Maddest Medieval Monarch Week: Isabella of France

Many times history is more interesting than fiction if we just look in the right places.  Follow me as I venture into the lives of some of the most scandalous, most murderous, most insane monarchs of the Middle Ages.  Day two of Maddest Medieval Monarchs Week brings us to a monarch made legendary by literature and cinema, Isabella of France.

Article Written by Andrea Cefalo

Isabella “She-Wolf” of France

English: Isabella of France, wife of Edward II...

English: Isabella of France, wife of Edward II of England. (Photo credit: Wikipedia)

Most of us equate Isabella of France with the kind-hearted and lonely English princess from the movie Braveheart or the she-wolf of plays by Brecht and Marlowe.  Based on her life, it is easy to conclude that Isabella was lonely in her marriage to a bi-sexual English king. However, determining whether she was the she-wolf, as literature labeled her, or the sweetheart, as Hollywood made her, is not so easy.

Isabella was wedded at twelve to Edward II of England.  Edward, however, was in love with Piers Gaveston whom he openly showered with gifts. Isabella learned to tolerate Edward’s relationship, but some of the English barons never did. Four years into their marriage Gaveston was murdered.  Isabella consoled her grief-stricken husband and the two became closer.  They even had three children together, but in 1319, another man, Hugh Despenser the young, gained Edward’s affections. Despenser was ruthless, greedy, and insanely jealous.  For six years, Isabella’s power, influence, and income were reduced upon the advice of Despenser.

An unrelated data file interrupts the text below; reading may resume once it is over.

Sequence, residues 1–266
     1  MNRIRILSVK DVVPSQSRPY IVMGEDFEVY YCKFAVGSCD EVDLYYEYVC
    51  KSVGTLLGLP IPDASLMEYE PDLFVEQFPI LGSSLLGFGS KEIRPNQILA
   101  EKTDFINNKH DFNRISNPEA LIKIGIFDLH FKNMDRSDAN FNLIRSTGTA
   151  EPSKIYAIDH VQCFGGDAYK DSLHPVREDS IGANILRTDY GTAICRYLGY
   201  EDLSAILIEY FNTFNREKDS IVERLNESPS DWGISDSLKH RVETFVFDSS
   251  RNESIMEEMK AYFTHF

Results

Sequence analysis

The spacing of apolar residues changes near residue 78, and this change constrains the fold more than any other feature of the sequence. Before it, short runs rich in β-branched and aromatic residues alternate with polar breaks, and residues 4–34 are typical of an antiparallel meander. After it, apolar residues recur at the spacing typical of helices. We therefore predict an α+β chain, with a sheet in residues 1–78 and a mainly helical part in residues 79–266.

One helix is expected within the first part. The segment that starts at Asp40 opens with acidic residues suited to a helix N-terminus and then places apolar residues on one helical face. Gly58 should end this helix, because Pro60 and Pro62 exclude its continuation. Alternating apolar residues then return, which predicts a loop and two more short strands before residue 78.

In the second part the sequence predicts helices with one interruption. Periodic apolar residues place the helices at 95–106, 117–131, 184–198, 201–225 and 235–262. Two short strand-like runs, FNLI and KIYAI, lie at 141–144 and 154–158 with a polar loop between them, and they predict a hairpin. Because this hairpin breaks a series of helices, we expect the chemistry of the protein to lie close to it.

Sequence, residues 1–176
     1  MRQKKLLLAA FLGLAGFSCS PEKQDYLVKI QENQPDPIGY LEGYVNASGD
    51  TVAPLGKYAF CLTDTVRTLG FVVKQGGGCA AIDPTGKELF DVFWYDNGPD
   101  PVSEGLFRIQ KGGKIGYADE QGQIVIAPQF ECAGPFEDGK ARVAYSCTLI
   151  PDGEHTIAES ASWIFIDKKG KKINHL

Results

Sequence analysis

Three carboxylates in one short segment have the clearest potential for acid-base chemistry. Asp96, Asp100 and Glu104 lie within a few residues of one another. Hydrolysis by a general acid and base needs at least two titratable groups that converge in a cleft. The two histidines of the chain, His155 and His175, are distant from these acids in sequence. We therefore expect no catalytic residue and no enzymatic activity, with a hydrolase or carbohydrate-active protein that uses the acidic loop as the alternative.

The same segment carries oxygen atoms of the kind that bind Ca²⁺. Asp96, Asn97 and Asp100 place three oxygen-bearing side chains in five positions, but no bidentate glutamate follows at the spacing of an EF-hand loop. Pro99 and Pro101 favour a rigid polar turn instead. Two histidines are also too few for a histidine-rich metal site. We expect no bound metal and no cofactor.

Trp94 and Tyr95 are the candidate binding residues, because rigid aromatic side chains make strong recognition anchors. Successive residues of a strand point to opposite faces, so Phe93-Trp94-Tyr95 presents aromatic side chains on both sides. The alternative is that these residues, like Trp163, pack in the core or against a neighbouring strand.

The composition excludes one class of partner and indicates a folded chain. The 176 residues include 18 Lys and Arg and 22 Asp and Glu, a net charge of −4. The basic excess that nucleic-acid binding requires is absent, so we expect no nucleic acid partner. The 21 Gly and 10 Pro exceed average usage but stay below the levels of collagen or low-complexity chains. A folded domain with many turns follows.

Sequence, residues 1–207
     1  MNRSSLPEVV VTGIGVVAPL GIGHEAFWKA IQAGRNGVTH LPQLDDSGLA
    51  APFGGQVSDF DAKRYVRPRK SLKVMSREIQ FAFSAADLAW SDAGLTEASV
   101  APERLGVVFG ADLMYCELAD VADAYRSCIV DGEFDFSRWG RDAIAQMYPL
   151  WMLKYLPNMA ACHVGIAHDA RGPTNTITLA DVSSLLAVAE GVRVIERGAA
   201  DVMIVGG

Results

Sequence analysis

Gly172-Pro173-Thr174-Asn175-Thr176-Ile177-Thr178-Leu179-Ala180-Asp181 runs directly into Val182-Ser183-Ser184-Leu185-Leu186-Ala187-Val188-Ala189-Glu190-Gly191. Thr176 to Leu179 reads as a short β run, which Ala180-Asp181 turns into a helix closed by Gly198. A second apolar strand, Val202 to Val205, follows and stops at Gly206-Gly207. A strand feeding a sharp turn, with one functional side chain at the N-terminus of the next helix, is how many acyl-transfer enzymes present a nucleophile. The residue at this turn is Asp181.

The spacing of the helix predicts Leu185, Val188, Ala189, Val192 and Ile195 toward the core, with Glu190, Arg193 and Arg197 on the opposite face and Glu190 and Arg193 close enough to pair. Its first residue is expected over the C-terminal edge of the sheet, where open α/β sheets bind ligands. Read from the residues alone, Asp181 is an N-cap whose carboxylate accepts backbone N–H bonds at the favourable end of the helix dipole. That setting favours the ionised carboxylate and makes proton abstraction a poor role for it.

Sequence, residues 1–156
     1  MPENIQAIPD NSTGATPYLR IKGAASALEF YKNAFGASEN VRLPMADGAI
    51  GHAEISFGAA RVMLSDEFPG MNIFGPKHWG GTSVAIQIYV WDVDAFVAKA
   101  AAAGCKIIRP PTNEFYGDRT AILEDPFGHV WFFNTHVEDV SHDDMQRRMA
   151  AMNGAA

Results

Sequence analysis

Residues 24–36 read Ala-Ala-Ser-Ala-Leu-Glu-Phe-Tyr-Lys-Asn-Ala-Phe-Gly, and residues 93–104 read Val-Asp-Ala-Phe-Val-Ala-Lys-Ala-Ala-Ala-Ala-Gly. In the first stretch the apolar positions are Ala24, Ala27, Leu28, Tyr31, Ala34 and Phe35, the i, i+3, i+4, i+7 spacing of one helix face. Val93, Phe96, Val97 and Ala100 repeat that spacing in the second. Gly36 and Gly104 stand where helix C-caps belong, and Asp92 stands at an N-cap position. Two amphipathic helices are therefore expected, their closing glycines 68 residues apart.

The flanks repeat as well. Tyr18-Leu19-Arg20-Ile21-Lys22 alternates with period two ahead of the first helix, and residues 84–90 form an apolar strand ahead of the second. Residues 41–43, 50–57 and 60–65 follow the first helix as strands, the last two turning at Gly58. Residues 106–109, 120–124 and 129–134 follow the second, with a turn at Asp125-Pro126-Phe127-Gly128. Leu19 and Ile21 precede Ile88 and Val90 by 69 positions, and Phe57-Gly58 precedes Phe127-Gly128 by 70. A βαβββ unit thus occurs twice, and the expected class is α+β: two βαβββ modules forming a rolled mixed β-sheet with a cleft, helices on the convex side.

English: Illustration of the execution of Hugh...

English: Illustration of the execution of Hugh the Younger Despenser, from a manuscript of Froissart (Bibliotheque Nationale MS Fr. 2643, folio 197v) (Photo credit: Wikipedia)

When Isabella visited her brother, King Charles IV of France in 1325, she met and fell in love with Roger Mortimer, a former English general who had since turned against the king and Despenser.  She and Mortimer raised an army, overthrew Edward, and tried Despenser for treason.  Despenser was hanged, drawn, and quartered.  Edward was imprisoned, tortured, and starved, but did not die until 1327.  It is rumored that he was killed under Isabella’s orders by a red-hot poker being inserted into his rectum.   Edward’s heart was placed in a silver coffin and given to Isabella.

Isabella served as regent for a short time until her son Edward III was old enough to take the throne.  Mortimer turned out to be every bit as greedy and ruthless as Despenser.  Edward III, with the support of English barons, arrested and executed Mortimer.  Isabella was imprisoned for two years in Windsor Castle, where she was rumored to have had a nervous breakdown after the loss of Mortimer.  Isabella was later cleared of any wrong-doing and lived a comfortable life.  Upon her death, she was entombed with Edward III’s heart, though buried next to Mortimer.

In literature and legend, Isabella is often remembered as a king-killer, but no one knows for sure who gave the orders for Edward II’s murder.  So was Isabella the she-wolf or simply a desperate woman trying to save England from a careless king?  No one really knows, but we can certainly speculate.

Article written by Andrea Cefalo, author of The Fairytale Keeper: a novel of corruption, devotion, and the origins of Grimm’s fairytales

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